Redesigned Bi-Specific antibodies may offer new hope against secondary breast cancer.
We are delighted to announce that we are now funding a 4-year project at Oxford University to make new breast cancer treatments that stick to cancerous breast cells that have spread throughout the body; a currently incurable condition termed metastases, or secondary spread.
Dr. Weston Struwe of the Glycoprotein Therapeutics Laboratory will make and test novel antibodies for secondary spread that avoid damaging healthy cells whilst targeting the cancerous ones, no matter where they are in the body or how small the tumour.
Dr. Struwe explains “We hope to show that specific targeting of metastatic cells can be achieved by engineering antibodies to bind 2 different targets on a cancerous cell instead of only one, and demonstrate that these newly designed antibodies can be stably produced”.
The new antibodies will ‘see’ 2 different molecules, both present only on the surface of cancerous cells which scientists hope will increase the likelihood of them sticking to the surface of secondary breast cancer cells, even if the target molecules are present at a low concentration on the cell surface. This will also reduce toxicity of the treatment as healthy cells that may display one of the target molecules, are ignored. As a treatment for secondary breast cancer, these antibodies may prevent growth or survival signals being received by the breast cancer cells, or mark them for destruction by the immune system.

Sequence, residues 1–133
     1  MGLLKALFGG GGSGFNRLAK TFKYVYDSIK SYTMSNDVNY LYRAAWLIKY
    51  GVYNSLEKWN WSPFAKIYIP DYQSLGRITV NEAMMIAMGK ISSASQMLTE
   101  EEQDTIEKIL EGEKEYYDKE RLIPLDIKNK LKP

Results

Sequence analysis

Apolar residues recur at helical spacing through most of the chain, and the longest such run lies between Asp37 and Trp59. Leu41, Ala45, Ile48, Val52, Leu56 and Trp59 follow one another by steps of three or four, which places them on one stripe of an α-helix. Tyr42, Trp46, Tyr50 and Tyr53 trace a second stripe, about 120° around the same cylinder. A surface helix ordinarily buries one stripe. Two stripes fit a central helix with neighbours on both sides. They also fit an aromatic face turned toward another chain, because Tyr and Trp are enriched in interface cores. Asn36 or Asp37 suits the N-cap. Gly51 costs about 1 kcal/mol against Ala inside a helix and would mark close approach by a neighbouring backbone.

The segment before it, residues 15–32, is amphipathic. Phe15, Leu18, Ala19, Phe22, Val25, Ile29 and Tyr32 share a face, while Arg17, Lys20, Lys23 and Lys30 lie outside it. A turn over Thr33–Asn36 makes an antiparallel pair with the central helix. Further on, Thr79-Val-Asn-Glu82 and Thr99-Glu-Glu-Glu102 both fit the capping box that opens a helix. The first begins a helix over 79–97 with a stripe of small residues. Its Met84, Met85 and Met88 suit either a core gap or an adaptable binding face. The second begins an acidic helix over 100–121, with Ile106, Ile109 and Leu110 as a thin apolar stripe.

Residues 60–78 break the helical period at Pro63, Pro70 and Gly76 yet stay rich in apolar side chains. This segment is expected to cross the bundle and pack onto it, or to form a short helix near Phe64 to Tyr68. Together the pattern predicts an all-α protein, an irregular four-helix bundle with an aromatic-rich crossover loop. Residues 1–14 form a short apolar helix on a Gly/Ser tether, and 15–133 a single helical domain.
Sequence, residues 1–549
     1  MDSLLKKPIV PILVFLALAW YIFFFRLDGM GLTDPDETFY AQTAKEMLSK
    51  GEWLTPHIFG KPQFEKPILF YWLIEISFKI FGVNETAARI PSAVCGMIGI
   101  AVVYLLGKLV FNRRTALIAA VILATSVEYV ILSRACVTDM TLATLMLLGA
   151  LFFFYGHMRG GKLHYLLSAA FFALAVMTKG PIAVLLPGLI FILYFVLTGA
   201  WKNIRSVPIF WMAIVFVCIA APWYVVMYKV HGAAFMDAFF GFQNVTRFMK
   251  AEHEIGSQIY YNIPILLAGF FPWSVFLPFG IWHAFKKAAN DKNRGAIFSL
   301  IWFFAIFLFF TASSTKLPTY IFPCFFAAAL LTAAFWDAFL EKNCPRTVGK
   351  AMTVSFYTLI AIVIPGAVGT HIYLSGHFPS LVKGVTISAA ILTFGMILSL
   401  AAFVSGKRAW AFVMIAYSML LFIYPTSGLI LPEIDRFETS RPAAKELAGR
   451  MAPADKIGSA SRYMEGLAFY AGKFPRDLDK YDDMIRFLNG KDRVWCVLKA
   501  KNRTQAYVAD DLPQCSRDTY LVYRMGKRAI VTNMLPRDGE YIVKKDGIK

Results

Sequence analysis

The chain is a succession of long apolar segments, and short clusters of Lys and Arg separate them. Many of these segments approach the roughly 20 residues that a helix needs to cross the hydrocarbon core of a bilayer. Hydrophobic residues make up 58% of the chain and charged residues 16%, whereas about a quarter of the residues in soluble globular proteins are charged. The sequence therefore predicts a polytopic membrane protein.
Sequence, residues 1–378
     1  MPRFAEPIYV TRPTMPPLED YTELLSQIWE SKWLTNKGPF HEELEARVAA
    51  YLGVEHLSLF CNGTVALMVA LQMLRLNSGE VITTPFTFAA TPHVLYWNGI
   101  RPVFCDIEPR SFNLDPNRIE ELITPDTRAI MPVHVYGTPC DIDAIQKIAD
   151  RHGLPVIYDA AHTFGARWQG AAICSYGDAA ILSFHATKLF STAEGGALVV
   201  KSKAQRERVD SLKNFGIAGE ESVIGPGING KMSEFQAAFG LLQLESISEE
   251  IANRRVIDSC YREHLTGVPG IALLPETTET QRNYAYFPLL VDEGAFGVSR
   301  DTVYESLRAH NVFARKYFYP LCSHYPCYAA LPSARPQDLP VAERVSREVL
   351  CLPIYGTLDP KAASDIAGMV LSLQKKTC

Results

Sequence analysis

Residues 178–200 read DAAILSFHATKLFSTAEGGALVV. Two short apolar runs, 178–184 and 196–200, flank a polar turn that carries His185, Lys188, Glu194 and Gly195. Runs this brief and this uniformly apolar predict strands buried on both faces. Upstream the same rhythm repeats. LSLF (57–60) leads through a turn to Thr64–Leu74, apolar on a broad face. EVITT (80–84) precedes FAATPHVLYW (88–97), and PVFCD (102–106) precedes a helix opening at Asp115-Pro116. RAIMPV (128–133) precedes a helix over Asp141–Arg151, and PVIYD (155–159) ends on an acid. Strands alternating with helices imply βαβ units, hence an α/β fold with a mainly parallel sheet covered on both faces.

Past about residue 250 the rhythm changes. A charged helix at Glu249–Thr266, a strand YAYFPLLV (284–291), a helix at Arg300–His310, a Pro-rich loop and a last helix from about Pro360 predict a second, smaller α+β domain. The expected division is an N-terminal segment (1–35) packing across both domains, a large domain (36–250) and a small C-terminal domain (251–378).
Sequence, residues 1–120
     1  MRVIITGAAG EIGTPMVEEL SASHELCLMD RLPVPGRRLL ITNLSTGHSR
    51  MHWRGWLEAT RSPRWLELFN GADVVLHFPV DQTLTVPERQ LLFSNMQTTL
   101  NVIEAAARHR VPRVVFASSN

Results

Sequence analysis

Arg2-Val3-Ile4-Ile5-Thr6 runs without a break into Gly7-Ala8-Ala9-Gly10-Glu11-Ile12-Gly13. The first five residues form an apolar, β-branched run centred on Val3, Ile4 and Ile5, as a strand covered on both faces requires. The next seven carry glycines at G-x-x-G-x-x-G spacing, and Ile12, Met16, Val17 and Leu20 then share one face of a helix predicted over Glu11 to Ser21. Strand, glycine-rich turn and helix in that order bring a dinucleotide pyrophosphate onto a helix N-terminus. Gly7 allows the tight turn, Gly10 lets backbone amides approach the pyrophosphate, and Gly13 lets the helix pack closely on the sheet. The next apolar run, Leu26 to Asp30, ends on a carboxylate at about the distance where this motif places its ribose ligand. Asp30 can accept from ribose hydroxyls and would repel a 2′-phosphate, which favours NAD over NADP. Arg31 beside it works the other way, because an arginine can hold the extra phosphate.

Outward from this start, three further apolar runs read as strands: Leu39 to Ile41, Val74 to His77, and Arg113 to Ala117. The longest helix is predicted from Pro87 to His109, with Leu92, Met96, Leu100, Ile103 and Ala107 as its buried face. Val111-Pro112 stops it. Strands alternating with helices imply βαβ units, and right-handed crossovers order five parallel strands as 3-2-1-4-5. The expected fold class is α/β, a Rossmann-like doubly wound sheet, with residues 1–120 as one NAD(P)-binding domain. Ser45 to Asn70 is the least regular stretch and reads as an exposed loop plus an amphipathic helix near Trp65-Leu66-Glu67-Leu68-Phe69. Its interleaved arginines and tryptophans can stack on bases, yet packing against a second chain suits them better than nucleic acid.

Current antibody treatments, such as the HER2-binding antibody Herceptin, stick to cancerous cells that have lots of the target molecule present on the cell surface but miss cancerous cells that display fewer molecules. Antibody treatments may also stick to healthy cells with normal levels of the target molecule, such as heart cells that display HER2 which is involved in normal cell growth for repair of heart tissue and requires heart monitoring during Herceptin treatment.
If this project proves successful, these antibodies will be assessed in future clinical trials and could provide a potent new treatment method for secondary breast cancer that may be applicable to other metastatic cancer types too.
One in five breast cancer cases result in fatal metastases, when breast cancer cells break away from the original tumour site and establish new tumours in bone, lung, liver or brain. Because they look a lot like healthy cells, cancerous cells are not recognized as dangerous by your body, and antibodies made naturally by your immune system do not stick to them.